Probably one of the best-kept secrets within the publishing industry is the popularity of the genre known as concert romance books. These “ticket rippers,” as they’re called in the business, often star young ladies who find true love amidst the aisles during shows by Eric Clapton and Jewel.

“At any given time we’ll have more than 100 titles in stores,” says J.N. Wenner, considered by many to be the king of the concert romance publishers. “Books like The Passion Of The Wayne Newton Fan or The Nurse And The Bob Dylan Roadie. You may not see these books on The New York Times Best Sellers list, but we can’t keep them on the shelves. We like to think of them as one of life’s guilty pleasures.”

Indeed, these guilty pleasures are ringing up hot sales from coast to coast. While many of them feature the same basic plot – a young lady finds romance while buying tickets for Prince or experiences exhilarating passion during the encore by Pat Travers – there’s no denying that the field’s best selling series is known more for what’s on the cover than the action between the pages.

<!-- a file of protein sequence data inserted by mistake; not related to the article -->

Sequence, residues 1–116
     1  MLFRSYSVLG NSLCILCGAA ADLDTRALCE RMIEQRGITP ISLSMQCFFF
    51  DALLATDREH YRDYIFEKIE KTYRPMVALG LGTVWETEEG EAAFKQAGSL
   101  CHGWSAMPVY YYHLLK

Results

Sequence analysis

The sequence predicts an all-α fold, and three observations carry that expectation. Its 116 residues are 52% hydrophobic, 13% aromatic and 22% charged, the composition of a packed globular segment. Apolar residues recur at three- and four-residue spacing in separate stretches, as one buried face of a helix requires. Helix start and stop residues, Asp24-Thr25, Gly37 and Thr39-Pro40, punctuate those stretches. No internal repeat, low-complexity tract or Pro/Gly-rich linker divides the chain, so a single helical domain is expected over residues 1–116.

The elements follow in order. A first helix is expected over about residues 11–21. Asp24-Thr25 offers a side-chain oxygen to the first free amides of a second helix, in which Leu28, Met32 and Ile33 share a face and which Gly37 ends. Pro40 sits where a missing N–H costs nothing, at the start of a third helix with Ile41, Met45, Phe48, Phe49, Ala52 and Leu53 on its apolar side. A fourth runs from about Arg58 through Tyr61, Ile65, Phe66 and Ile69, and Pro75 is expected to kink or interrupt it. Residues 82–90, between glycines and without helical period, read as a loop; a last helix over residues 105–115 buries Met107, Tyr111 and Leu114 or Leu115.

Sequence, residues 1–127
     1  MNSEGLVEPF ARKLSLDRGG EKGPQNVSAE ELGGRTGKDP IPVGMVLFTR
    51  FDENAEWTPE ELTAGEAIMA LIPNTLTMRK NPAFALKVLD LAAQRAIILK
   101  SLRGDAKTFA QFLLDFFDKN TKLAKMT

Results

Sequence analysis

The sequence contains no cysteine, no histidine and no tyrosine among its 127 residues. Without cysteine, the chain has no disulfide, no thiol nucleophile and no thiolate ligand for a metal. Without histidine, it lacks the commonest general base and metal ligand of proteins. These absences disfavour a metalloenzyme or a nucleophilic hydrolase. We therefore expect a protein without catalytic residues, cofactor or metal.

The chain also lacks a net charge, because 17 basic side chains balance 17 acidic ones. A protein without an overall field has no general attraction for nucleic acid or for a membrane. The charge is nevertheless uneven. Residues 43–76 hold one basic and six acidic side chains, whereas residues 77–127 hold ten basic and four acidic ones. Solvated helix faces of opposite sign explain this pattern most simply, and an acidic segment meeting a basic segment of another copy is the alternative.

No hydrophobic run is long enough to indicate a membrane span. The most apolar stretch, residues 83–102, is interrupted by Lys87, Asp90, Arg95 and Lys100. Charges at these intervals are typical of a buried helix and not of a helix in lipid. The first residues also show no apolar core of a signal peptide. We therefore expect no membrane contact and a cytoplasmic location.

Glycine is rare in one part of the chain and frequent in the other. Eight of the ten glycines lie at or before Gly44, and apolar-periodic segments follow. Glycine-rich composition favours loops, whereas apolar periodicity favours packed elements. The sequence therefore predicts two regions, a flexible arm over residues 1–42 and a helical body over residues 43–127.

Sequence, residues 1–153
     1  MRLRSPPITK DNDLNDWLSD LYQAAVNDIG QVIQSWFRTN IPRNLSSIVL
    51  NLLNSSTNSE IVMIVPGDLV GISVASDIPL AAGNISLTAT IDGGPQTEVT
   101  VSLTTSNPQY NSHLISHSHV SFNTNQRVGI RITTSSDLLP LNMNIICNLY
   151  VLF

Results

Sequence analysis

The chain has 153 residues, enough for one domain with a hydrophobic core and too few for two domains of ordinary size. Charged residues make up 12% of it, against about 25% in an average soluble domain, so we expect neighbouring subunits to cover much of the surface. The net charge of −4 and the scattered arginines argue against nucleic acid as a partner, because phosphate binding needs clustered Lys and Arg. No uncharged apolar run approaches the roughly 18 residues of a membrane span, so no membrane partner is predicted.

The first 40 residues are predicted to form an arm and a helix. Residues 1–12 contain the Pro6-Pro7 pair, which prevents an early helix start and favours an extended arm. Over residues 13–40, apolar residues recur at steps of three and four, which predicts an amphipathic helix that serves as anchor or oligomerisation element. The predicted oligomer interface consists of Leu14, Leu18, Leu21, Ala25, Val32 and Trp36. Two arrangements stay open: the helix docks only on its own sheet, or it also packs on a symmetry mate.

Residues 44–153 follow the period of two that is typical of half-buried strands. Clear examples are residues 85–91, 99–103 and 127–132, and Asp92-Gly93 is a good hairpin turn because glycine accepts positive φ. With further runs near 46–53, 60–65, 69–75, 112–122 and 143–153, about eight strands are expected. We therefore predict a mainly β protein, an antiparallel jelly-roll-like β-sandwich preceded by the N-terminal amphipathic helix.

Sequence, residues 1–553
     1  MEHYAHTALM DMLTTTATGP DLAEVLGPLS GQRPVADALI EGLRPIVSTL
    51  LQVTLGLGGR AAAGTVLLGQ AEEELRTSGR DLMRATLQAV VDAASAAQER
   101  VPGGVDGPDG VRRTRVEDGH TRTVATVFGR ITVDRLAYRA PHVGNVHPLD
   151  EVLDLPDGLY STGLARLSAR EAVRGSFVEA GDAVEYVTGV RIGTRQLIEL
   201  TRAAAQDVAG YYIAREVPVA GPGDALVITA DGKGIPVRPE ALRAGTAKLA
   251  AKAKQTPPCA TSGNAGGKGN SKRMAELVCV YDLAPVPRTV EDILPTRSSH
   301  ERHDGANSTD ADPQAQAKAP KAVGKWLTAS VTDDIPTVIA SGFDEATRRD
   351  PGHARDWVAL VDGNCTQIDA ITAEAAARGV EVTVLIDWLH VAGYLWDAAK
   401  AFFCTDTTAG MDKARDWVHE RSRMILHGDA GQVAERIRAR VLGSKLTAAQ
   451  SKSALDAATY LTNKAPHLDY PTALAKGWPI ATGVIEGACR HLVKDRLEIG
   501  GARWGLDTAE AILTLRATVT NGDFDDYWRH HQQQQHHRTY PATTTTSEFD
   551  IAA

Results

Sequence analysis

Standing well over six-feet tall with long flowing hair falling down past his muscular shoulders, the famous concert booking agent simply known as Robio has graced the covers of over 500 concert romance books, such as The Promoter’s Temptation and The Compassionate Concessionaire, and has even spawned a cottage industry of calendars, screen savers and T-shirts. What’s more, a growing number of fans refuse to see any concert, no matter if the headliner is Elton John, Celine Dion or Richard Cheese & Lounge Against The Machine, unless the date has been booked by Robio himself.

“Robio is a natural,” says Wenner. “Pecs, six-pack abs, a cell phone and contracts for Robert Bradley’s Blackwater Surprise and Roger Clyne & The Peacemakers. Our readers can’t get enough of him.”

Are concert romance books here to stay? Or will the genre go the way of past concert fiction attempts such as the G.I. promoter series or the celebrity rehab medical mysteries? Furthermore, is the genre strong enough to produce a second generation of writers willing to carry on the tradition set by such books as Lost Innocence On The Orgy Tour Bus, and Love Among The Barenaked Ladies? If there’s one thing publishers like Wenner are not worried about, it’s a shortage of authors.

“Say what you will, but concert romance books are no longer dirty stories about dirty fans going to dirty dives just to see a band,” says Wenner. “Nowadays, everybody wants to be a paperback writer.”